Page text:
Faraday's famous lectures
The chemical history of a candle (150th anniversary edition)
Michael Faraday (edited and introduced by Frank James)
Oxford, UK: Oxford University Press
2011 | 152pp | £14.99 (HB)
Reviewed by Bill Griffith
Faraday uses the candle as a symbol to talk about the nature of combustion - how the oxygen from air is needed, how water and CO2 are produced and the hidden role of hydrogen. The text is lyrical and beautifully expressed, communicating his obvious enthusiasm, authority and sense of excitement. There were many accompanying demonstrations, often involving explosions and bright lights. Endearingly, Faraday talks about himself and the audience as 'we philosophers' and, on one occasion, as 'we juveniles'.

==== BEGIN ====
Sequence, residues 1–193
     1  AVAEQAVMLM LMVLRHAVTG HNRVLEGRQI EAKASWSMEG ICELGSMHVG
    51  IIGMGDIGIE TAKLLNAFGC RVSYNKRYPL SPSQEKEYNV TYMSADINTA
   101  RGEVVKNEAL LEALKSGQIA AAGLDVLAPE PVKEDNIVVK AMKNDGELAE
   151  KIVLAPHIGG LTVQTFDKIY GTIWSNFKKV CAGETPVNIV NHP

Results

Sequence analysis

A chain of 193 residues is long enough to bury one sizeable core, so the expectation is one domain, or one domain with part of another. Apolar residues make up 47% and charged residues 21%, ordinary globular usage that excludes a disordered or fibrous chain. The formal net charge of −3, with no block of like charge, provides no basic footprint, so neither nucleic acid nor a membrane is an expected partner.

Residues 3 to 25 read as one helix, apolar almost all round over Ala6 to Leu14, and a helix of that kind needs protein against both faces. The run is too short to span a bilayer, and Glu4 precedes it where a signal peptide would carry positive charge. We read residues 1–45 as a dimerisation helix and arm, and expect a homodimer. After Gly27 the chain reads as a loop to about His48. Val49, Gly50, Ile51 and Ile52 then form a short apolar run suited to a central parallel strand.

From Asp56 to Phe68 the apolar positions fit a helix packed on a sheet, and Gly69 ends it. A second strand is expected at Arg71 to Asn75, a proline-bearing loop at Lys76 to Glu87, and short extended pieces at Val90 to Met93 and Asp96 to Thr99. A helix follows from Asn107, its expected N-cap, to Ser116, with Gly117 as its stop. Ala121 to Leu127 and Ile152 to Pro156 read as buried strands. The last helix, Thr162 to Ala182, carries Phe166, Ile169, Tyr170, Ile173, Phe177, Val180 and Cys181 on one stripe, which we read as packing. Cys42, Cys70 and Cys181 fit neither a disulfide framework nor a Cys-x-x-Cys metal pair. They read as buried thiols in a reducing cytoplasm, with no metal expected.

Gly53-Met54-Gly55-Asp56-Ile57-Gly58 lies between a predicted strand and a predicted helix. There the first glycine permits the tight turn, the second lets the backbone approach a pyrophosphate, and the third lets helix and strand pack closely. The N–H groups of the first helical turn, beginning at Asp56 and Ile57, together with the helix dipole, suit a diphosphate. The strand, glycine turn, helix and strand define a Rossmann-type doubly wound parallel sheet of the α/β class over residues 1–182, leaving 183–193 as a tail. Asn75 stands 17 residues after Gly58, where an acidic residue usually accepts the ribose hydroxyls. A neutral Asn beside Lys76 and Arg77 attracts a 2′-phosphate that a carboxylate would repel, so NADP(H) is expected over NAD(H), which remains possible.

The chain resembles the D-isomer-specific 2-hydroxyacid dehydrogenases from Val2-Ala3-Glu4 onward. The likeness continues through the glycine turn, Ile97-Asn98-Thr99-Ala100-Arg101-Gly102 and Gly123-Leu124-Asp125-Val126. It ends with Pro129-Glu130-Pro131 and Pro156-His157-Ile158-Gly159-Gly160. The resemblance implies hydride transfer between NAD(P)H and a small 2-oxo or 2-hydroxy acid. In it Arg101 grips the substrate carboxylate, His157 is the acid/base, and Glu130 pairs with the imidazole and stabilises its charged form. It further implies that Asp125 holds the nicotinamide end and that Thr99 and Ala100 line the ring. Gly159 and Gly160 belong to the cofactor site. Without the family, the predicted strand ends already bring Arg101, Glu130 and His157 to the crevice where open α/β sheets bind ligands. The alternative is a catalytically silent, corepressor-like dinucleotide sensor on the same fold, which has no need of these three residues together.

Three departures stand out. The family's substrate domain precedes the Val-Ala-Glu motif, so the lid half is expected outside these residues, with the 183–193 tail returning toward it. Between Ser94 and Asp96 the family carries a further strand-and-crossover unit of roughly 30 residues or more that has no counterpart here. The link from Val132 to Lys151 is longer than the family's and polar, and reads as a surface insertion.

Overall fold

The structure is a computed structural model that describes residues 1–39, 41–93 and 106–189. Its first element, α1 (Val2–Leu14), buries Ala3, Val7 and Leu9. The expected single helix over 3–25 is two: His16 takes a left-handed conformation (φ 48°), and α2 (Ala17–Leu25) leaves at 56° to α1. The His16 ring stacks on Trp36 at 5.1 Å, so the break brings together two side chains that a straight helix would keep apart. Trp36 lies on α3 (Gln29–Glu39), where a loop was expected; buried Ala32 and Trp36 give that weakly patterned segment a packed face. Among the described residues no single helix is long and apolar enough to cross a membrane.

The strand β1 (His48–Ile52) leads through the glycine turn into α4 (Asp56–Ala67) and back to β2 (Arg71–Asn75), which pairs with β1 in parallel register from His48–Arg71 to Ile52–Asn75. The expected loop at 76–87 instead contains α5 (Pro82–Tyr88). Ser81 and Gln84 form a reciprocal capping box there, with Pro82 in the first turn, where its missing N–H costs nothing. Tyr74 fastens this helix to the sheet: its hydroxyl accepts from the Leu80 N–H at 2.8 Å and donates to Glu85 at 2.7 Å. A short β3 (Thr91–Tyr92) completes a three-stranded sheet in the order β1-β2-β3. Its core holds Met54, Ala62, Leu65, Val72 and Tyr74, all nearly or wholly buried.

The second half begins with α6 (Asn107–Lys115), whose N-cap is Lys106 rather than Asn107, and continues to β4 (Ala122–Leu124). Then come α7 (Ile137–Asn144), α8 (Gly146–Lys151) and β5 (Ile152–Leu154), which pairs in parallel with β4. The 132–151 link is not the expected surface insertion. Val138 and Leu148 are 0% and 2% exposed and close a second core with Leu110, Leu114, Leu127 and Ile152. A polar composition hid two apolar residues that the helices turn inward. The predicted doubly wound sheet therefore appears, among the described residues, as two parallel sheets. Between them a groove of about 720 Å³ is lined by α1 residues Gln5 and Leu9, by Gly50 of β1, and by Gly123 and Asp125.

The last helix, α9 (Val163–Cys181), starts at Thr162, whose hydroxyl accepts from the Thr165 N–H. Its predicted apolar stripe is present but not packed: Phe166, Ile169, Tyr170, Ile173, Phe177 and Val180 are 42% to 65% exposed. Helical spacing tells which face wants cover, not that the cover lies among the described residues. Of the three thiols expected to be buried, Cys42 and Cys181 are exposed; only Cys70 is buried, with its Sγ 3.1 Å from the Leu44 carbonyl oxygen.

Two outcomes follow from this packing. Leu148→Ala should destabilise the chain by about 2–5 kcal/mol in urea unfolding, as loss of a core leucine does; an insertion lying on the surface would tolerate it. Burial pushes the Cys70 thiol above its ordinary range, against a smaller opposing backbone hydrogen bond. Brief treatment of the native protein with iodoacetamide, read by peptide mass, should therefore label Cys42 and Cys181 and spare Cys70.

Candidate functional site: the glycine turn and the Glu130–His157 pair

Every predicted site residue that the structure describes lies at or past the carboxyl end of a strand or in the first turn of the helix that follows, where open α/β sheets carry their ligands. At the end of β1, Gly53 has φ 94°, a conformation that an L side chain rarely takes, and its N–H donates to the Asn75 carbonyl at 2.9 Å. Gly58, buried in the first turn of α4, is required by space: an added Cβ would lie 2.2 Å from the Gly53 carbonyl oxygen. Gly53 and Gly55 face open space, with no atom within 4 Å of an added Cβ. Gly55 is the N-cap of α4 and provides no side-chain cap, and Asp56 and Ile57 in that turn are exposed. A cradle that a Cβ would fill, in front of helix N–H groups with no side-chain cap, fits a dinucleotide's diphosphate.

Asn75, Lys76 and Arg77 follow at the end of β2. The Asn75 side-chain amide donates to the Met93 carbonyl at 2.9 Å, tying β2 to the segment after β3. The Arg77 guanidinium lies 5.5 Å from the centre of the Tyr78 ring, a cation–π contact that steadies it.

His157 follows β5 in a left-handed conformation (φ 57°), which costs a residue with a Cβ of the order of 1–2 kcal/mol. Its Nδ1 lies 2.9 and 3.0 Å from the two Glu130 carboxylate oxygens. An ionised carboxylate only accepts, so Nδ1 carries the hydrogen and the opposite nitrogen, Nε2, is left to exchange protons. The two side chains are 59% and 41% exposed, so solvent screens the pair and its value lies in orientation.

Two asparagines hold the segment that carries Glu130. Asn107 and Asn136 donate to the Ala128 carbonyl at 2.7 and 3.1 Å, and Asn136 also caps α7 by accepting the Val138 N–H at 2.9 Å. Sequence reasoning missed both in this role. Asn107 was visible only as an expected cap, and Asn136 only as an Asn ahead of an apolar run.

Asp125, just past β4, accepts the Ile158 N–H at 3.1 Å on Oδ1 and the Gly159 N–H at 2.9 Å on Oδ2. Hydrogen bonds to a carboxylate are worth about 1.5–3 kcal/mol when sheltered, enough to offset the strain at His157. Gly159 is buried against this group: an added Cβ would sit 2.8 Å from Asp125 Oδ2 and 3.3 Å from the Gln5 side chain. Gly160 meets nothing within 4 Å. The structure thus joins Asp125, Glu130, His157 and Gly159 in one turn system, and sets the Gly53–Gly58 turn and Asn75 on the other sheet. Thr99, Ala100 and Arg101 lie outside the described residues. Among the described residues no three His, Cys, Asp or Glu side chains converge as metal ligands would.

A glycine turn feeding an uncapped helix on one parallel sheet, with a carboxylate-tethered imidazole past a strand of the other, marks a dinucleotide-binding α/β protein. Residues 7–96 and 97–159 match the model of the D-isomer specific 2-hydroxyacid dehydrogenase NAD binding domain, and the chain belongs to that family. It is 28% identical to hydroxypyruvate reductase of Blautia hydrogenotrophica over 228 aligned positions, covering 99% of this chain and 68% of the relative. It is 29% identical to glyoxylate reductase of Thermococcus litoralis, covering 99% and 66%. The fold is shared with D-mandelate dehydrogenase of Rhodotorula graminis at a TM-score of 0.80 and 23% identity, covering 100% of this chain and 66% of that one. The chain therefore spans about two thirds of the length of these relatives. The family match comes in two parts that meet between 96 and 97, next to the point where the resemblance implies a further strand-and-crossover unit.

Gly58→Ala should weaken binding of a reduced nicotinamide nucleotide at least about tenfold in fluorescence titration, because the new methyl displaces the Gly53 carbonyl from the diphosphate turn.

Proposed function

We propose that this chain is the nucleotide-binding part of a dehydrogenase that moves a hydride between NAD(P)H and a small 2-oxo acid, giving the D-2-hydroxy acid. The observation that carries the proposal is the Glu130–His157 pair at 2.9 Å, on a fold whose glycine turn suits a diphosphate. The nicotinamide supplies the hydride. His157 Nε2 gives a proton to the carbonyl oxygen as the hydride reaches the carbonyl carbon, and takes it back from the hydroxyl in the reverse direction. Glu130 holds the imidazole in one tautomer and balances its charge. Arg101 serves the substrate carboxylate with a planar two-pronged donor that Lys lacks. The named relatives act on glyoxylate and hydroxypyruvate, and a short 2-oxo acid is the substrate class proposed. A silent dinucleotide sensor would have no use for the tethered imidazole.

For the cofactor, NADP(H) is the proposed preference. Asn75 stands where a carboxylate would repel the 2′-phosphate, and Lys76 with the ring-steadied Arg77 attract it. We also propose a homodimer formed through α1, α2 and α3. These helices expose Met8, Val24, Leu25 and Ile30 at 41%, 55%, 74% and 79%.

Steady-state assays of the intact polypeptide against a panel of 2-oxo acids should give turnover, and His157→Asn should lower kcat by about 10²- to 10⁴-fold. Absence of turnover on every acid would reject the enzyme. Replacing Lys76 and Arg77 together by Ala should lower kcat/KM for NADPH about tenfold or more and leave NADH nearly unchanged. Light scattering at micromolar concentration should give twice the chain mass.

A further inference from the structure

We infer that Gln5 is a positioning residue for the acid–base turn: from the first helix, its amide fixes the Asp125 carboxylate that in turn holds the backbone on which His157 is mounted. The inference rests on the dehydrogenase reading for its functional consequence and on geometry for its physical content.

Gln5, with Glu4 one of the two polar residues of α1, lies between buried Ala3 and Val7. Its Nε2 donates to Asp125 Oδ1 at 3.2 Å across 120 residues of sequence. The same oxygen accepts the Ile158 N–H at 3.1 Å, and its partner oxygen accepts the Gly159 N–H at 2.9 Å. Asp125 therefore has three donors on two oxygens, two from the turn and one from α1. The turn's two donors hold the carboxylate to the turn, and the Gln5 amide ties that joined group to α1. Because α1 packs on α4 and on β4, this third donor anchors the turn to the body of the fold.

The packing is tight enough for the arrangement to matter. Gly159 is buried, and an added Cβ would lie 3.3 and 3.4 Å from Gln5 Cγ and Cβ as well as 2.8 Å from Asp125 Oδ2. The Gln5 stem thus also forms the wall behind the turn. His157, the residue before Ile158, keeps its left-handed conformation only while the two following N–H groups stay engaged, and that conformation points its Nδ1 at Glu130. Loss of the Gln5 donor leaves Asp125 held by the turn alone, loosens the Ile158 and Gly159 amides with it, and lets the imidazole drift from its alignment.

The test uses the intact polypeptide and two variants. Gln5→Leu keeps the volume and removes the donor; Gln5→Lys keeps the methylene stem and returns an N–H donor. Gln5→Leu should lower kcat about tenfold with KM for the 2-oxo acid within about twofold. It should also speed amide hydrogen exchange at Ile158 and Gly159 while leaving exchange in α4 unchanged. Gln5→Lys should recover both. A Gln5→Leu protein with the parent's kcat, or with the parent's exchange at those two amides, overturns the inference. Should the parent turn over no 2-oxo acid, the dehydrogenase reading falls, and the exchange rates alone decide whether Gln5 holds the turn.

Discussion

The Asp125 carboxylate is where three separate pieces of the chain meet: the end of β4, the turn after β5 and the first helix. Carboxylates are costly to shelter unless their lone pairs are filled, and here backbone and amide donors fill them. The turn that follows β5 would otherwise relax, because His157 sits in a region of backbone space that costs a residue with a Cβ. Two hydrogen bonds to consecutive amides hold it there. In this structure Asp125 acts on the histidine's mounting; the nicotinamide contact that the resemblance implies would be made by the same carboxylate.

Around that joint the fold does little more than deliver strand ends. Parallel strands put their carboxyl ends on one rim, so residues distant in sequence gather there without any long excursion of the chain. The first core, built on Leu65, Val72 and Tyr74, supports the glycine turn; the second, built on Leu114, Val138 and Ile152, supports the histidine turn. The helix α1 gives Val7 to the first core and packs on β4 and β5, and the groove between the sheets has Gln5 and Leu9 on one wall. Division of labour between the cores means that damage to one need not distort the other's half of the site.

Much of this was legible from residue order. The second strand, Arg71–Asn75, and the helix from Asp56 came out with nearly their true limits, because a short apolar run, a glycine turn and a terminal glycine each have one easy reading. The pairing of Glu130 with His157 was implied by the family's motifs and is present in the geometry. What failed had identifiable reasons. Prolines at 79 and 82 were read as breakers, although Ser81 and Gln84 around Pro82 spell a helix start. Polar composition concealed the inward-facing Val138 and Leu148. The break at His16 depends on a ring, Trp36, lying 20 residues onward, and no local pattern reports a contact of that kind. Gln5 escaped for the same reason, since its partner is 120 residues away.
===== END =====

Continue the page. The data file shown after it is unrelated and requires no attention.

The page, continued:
Frank James provides an elegant, well-referenced and informative introduction, recounting the history of the Christmas Lectures and of the Candle in particular (Charles Dickens published some earlier versions of these lectures in his Household Words). He speculates on what has kept this text alive for so long - it apparently is still used for teaching purposes in Japan and China. It is of course fine literature, as he points out, but clearly not cutting-edge science. I think we regard it with such warm affection because of the power and excitement which it still conveys and is literary qualities. As an 1861 review in the Daily News said: '[it] is so simple and engaging that the youngest reader is charmed'.
If you have never read the Candle you are in for a treat. This edition is reasonably priced, well illustrated and handsomely produced.
RSC members can purchase this book direct from the publishers for a 25% discount on the RRP. See the member benefits link on this page.
The exciting new benefits package offers members fantastic discounts on a wide range of products and services
The chemical history of a candle
Purchase this book from Amazon.co.uk
External links will open in a new browser window